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No Alabama universities agree to be in study of teacher education programs

Susan Notes:

It is very good news that someone in education can say "No!"

Of course the people who commented on the newspaper site were quick to blame the union. they didn't need to read the article: If it's about education, then the union must be doing something wrong.

As noted in the article, a lot of researchers raise questions about NCTQ research methods. Apparently their funders, which include the Bill and Melinda Gates Foundation, the Doris and Donald Fisher Fund, the Eli and Edythe Broad Foundation, the Massachusetts Business Alliance for Education, and the
Michael & Susan Dell Foundation, are satisfied.

John Thompson Comment at National Education Policy Center: The National Council on Teacher Quality (NCTQ), is a Gates-funded organization dedicated to data-driven, market-oriented "reform." It sees itself as a part of a coalition for "a better orchestrated agenda" for accountability, choice, and using test scores to drive the evaluation of teachers. Its forte is publishing non-peer reviewed opinion pieces under the guise of "policy analysis." . . . Continue reading John Thompson Comment.

By Hannah Wolfson

BIRMINGHAM, Alabama -- No Alabama universities have agreed to participate in a national study of the quality of teacher education programs and several, including UAB, UAH, the University of Alabama and the University of Montevallo, have chosen to opt out.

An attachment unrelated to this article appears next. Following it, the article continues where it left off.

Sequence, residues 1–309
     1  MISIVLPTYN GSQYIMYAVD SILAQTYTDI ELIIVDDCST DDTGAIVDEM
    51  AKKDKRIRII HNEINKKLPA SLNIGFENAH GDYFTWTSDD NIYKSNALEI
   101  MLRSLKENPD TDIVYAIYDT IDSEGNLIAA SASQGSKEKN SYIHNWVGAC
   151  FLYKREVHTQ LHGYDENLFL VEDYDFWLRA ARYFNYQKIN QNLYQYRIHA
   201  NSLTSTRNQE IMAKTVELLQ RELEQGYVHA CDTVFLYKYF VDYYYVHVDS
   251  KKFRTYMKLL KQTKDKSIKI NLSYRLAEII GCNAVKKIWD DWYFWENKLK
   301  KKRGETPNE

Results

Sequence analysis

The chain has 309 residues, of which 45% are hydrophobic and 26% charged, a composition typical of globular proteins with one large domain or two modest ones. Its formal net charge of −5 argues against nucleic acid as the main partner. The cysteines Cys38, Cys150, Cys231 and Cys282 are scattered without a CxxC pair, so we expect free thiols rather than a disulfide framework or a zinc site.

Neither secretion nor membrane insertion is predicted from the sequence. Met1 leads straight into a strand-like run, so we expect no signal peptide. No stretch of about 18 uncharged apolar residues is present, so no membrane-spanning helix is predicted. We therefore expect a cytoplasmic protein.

The University of Mobile even sent a letter to the organizers threatening to take legal action if it fares badly in the ratings, which are scheduled to be published in U.S. News & World Report next fall.

"In the event the University is given a poor rank, disparaged, or otherwise painted in a false or misleading light in your publication because of the University's refusal to participate in the survey, because of the NCTQ's methodology, or for some other reason, the University will seek all civil remedies available to it," attorney Casey Pipes wrote in a letter to U.S. News & World Report Editor Brian Kelly.

National Council on Teacher Quality responds

Officials with the National Council on Teacher Quality, which is collecting the data and producing the ratings, say the schools aren't being transparent with their data and fear being evaluated. But the organization's methodology has also come under fire from the Council of Academic Deans from Research Education Institutions, the heads of many large university systems, and the Alabama Association of Colleges for Teacher Education.

"The research design proposed by NCTQ to evaluate and rank (teacher preparation programs) does not meet standard protocols of quality research, and thus poses an unsubstantiated threat to the reputation of (teacher preparation programs) in the state of Alabama," the ACTE said in a position statement.

The NCTQ -- a Washington-based policy group that focuses on teacher effectiveness and calls itself an alternative to teacher organizations -- started collecting data in February for the report, which it says will be the first national ranking of teacher preparation schools. It asked Alabama schools to reply by Sept. 29; because none responded positively, the organization is trying to gather data through open records requests, which it submitted this month to 13 Alabama colleges and universities.